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design - Is it better to calculate object state from properties or vice versa?

问题描述:

For an arbitrary business object, is it better practice to calculate state from properties, or vice versa?

For example, if I had a TrafficLight with properties Red, Yellow and Green, is it considered better to create a function SetState(state) that toggles the lights as required, or to toggle the lights individually and have GetState() return the calculated state?

Is it simply a matter of preference, or are there certain situations that work better with one or the other?

UPDATE:

The answers/comments so far have made me realize that what I'm really after is whether to store the current state as individual properties or as a combined state. Would the traffic light state be best saved as Red=Off, Yellow=Off, Green=On or as State=Go?

I could easily determine either one from the other when reading the values, and in my real-world problem (as far as I currently know) the relationship of property-combinations to states = 1:1.

网友答案:

I believe it's not so much a matter of preference but rather a matter of usage.

For the traffic light example, you may have some internal timers and such running that alter the lit values. Users of your traffic light class would rather be interested in the state of the object, so the GetState method would be applicable much more so than a publicly available SetState.

However, there are situations where you'd rather set the state of an object and you're really interested in the outcome by reading different properties of that object.

So I'd say that usage drives this. Hope this helps!

网友答案:

As I understand it, direct property access is generally frowned on, as that exposes those properties on the surface of the object, and creates a semi-brittle model. Other objects that can interact with TrafficLight have direct access to modify the state of the object, and if you need to modify the way that state is managed internally to TrafficLight, you now have to also modify any objects that rely on TrafficLight exposing those properties.

Hiding properties behind methods to set and get state allow some level of abstraction. Other objects don't have to worry about /how/ TrafficLight works internally, they only have to know to use the proper getter/setter methods. This makes it easier to maintain the internals of your TrafficLight without forcing more changes to other objects.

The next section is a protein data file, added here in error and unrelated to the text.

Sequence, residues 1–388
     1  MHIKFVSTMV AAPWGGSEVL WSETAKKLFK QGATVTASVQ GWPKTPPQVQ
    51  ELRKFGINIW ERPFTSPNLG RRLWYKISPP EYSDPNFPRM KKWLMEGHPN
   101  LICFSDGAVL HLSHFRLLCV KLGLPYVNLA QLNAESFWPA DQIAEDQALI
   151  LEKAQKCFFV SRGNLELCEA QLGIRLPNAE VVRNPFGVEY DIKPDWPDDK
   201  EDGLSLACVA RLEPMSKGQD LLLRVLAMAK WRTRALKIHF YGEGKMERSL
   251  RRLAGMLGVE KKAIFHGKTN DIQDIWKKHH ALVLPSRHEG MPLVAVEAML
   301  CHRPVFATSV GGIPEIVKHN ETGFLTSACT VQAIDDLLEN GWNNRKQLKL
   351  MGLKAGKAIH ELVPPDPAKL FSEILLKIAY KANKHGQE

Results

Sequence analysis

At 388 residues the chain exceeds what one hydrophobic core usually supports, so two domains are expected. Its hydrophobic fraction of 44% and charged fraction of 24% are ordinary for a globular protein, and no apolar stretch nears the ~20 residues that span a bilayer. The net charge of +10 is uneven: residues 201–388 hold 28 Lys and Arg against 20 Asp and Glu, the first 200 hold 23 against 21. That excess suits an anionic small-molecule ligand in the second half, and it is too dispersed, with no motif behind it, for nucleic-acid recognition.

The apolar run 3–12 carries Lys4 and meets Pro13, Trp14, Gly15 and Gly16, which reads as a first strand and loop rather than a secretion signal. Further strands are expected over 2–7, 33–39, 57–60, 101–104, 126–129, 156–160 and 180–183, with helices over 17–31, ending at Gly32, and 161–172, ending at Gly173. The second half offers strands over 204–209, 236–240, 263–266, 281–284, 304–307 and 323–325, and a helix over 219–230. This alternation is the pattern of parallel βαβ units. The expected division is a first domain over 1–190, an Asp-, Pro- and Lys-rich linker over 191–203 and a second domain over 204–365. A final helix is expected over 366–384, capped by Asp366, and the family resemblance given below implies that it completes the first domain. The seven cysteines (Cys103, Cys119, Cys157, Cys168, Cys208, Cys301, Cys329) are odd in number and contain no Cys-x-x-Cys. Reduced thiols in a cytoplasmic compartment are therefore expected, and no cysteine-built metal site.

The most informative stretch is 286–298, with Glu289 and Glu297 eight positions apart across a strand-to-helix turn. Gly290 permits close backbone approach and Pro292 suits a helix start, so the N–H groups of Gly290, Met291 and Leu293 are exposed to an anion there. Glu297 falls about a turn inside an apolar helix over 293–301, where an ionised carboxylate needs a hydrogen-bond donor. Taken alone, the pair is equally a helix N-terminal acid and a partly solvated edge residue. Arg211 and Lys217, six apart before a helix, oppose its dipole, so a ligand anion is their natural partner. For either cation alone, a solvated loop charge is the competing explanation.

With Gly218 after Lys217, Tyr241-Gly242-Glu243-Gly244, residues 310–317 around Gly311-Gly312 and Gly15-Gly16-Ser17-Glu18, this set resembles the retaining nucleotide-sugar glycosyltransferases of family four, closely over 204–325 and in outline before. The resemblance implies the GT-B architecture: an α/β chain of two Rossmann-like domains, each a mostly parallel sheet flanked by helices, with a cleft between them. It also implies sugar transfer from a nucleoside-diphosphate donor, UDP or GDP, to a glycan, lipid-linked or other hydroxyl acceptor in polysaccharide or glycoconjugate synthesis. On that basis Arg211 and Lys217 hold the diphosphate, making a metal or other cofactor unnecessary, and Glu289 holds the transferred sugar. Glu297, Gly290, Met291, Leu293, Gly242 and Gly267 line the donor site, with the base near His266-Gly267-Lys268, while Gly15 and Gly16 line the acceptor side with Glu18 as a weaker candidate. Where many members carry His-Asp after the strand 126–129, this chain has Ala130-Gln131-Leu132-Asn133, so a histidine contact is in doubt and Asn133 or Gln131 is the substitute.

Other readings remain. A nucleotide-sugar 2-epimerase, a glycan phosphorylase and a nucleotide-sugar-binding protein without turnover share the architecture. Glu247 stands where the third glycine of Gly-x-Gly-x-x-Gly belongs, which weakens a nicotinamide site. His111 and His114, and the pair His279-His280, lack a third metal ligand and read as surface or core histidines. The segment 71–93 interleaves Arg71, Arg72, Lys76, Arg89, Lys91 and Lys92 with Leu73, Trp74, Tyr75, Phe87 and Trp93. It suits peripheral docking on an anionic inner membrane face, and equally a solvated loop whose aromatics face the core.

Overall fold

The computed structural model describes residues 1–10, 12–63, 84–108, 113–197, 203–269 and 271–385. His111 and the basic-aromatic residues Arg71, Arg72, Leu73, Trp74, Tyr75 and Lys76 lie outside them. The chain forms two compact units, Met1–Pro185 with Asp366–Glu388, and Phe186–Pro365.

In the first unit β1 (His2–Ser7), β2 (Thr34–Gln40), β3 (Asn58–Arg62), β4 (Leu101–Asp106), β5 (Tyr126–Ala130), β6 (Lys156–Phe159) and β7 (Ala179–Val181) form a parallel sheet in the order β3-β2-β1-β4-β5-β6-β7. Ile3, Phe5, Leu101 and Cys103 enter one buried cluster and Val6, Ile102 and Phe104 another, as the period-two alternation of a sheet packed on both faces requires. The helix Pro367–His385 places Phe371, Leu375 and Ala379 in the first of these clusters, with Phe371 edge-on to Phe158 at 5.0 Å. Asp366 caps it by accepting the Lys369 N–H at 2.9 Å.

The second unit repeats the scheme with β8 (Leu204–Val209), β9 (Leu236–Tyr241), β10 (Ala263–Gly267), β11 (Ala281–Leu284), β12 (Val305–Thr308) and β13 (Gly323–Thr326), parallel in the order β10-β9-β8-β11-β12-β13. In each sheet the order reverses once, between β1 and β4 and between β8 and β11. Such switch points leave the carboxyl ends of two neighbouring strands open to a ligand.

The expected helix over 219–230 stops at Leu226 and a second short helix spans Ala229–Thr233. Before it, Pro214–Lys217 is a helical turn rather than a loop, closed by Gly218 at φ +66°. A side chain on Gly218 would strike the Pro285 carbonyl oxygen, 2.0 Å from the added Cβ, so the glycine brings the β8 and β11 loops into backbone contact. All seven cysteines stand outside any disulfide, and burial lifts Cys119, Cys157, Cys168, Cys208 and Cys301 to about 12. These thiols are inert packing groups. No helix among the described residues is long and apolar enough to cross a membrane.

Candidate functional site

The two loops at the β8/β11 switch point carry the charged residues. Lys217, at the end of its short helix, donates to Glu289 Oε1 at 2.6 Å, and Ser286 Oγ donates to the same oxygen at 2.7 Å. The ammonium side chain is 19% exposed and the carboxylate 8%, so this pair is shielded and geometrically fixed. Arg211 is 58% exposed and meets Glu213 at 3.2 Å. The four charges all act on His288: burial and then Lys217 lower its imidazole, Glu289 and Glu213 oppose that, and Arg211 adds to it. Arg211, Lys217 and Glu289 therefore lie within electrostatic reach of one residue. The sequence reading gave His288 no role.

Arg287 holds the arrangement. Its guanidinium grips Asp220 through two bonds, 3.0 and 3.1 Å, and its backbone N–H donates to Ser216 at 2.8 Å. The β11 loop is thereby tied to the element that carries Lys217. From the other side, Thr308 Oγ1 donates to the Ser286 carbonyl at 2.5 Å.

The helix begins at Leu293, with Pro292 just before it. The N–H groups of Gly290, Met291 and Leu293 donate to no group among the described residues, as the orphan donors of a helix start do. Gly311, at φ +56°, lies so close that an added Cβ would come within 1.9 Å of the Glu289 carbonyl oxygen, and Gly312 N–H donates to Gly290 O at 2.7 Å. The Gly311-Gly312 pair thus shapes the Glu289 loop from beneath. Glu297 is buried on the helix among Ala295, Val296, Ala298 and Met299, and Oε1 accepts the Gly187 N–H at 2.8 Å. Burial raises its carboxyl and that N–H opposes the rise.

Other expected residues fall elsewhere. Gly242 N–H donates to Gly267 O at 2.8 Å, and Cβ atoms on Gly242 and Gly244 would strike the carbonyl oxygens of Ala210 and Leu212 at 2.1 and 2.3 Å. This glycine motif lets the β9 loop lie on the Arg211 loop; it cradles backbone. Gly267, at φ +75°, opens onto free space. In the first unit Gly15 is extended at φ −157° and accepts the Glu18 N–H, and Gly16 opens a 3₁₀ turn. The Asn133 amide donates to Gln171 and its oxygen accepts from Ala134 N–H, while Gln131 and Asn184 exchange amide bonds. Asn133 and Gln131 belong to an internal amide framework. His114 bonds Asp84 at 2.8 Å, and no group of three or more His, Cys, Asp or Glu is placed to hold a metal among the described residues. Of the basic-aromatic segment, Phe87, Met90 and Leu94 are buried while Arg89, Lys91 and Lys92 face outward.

A secondary benefit to handling it via getter/setter methods is that you can therefore also create listener-observer interactions by broadcasting changes during a set-method call. It's more flexible, in the long run, as I understand it.

Of course, if your object is more "throwaway" and needs to be kept very simple (say, for serialization purposes), then exposing the properties directly may be your best choice.

网友答案:

I have concluded that in most cases the best way to persist the data is as individual properties, but that adding additional properties which represent the combined state may be necessary if the property-combination to state relationship is not 1:1.

For the traffic light example, if SetState(go) and SetSate(goFast) both produce a combination of R=0, Y=0, G=1 then it would be necessary to introduce something like a GoState property if that information needs to be stored.

My reasons for this approach include:

  • much simpler code to get (and set, if allowed) property values
  • often many property combinations result in the same state (ex: R=1, Y=1, G=0 and R=1, Y=0, G=1 and several others are all Error states)
  • more true-to-life, i.e. physical properties of an object typically determine it's status, not the other way around.

I agree with the other answers that accessing (both setting and getting) the information depends primarily on usage requirements.

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